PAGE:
In the 10 years since 9/11, the section of Lower Manhattan known as Ground Zero has resonated in the minds and hearts of Americans more than any other place in the nation, not because of what it is — a 16-acre hole in the ground that you can walk around in about 20 minutes — but rather because of what it represents, even though what it represents has changed continually since that September morning.
On any day, visitors from all over the world can be seen in a sort of pilgrimage, slowly making their way along the fences that delineate Ground Zero. Most of them know at least the outlines of the area’s history, how in little more than 100 minutes it went from being a seat of international commerce that incorporated two of the tallest buildings in the world to a crime scene where thousands of innocents had been murdered. Some also may be aware that for months afterward it had to be treated as a multi-alarm fire that gave off hazardous smoke and gases.
There were other changes, too. In the days immediately after the attack it was the site of a search and rescue operation. Sadly, when all miracles had expired and there was no longer the slightest hope of finding survivors, it became the place of a recovery and cleanup job.
And today? After many years of delay, several skyscrapers are rising to take the place of the towers that were destroyed. Commercial office space in the new towers is already being leased, and soon many of the high-stakes enterprises that once buzzed inside the World Trade Center will be returned to that part of Lower Manhattan. Once more, thousands of people will enter the area each morning, ready to pursue the American dream.
As surely as September 11 will never be just another day, however, these 16 acres will never be just another part of New York’s financial district. The footprints of the twin towers — the 211-by-211-foot space where each of them once stood — will essentially remain concrete voids, never to be built upon again. Although this is some of the most valuable real estate in the United States, the decision was made long ago that those pieces of ground are hallowed and can be filled only by what once was and no longer is. Instead of towers of commerce, the spaces will hold memorial fountains, and around the fountains will be etched the names of the nearly 3,000 who died there that day.
Clearly, the exact space where those buildings stood for almost three decades has been transformed by the attack into sacred places where people come to pay their respects or silently pray. And because those sacred places are located right in the heart of one of the most important commercial districts in the world, a curious conflict has arisen between the sacred and the secular. Ten years later, that conflict has yet to be resolved.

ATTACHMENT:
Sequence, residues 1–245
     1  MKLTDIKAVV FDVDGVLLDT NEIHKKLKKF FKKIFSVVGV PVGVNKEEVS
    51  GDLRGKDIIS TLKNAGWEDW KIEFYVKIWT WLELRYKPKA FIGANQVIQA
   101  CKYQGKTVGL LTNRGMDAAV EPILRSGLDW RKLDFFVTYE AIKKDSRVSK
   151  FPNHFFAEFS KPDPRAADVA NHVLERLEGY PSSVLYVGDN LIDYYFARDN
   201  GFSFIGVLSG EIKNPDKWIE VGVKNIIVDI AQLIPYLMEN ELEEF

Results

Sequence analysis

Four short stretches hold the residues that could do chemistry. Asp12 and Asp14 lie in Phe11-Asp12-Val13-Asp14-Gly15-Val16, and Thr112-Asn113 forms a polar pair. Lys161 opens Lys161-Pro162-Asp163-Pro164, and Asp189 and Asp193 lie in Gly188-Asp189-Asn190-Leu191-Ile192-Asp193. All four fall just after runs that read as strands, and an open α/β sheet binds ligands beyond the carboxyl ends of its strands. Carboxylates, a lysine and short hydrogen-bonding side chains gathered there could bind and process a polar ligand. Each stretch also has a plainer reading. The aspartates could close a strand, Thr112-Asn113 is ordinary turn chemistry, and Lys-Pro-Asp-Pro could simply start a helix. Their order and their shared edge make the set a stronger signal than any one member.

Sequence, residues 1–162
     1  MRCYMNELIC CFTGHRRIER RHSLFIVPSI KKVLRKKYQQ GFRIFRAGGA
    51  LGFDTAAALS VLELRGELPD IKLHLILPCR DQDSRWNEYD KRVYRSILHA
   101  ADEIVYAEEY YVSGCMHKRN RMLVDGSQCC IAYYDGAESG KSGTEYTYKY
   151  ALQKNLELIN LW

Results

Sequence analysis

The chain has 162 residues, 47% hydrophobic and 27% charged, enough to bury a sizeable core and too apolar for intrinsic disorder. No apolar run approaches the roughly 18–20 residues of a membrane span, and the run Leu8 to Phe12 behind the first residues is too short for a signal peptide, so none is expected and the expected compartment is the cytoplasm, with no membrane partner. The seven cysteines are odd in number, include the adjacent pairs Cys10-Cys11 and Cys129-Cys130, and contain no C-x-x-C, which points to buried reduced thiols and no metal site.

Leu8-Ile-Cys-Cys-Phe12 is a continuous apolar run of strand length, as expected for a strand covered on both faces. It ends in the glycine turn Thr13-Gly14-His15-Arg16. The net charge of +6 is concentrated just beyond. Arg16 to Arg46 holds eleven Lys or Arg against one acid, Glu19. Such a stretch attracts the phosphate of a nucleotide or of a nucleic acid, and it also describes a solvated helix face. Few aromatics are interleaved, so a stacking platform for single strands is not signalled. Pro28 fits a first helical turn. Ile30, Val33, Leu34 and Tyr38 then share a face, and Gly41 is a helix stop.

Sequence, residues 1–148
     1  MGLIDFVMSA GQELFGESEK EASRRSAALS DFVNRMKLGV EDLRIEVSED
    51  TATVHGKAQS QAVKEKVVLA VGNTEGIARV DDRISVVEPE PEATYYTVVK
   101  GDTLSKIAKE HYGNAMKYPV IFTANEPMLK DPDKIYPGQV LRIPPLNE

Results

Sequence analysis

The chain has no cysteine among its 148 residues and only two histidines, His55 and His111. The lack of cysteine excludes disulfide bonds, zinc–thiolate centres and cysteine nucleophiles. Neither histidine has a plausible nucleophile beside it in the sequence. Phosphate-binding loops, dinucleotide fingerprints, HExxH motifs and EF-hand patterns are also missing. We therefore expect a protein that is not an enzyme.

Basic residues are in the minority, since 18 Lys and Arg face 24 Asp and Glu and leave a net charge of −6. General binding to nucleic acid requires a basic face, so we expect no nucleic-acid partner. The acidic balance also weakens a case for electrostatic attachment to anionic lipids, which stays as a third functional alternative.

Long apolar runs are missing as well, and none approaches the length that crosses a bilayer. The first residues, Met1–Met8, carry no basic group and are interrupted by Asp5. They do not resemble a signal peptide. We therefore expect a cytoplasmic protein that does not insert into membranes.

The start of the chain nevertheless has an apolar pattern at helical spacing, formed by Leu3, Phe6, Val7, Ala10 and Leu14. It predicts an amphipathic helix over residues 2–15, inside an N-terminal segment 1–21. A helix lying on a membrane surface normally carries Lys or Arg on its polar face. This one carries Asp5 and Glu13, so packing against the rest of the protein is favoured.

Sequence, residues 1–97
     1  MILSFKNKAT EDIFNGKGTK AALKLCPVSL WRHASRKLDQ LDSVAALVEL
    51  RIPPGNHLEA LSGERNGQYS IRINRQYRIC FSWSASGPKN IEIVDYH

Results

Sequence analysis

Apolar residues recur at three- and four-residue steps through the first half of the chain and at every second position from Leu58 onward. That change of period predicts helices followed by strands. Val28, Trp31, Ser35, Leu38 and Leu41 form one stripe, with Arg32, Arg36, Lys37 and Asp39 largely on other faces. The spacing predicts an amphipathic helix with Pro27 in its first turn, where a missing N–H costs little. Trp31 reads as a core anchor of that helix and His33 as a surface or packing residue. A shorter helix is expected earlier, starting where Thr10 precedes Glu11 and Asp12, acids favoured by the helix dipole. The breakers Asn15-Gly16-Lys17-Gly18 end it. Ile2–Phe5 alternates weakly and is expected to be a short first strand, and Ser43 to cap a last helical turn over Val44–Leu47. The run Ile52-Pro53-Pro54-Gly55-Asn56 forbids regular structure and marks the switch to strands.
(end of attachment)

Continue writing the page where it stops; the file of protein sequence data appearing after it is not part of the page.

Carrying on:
Of course, in a pluralistic society like ours, sacred places are not always religious places. As a nation we have been reluctant to mix religion with affairs of state. Yet we have always been willing to recognize certain sites as worthy of special respect and to do what we can to protect and preserve them. For some, this is merely one dimension of civil history, a means of guarding our past and the essence of what it is that makes us who we are.
And yet to visit such places, to stand at Valley Forge or look out at the place where Washington crossed the Delaware and turned the tide of the Revolution, is to feel something more than just history, something that can connect us to a deeper and more profound order of the world.
Many such sites have been established over the years, but perhaps no other instance comes closer to underscoring what it means for a place to be sacred than the dedication of the Gettysburg Battlefield in 1863, just months after the terrible engagement ended. President Abraham Lincoln recognized the purpose of the day in his address at Gettysburg, yet he stated how impossible the task was: “We can not dedicate, we can not consecrate, we can not hallow this ground. The brave men, living and dead, who struggled here, have consecrated it, far above our poor power to add or detract.”
And so it is with Ground Zero, which was consecrated by the lives of the brave men and women who rushed into the burning towers and died there, along with the thousands who were simply going about their business when they were confronted by the menace of evil and thus became martyrs. Among the visitors who flock to the site are many who stop and silently pray, invoking their own faiths. For them, the area’s connection to religion is absolute. Theirs are the voices that called for the 20-foot cross made of busted steel beams that was uncovered in the ruins to be preserved indefinitely at Ground Zero. The cross, now in the 9/11 museum at Ground Zero, is a subtle solution to the sacred/secular dilemma because the artifact is officially designated a building remnant, a poignant reminder of the destruction. Yet for many it is the most profound of religious symbols (and for that reason a group of atheists has filed a lawsuit to have it removed).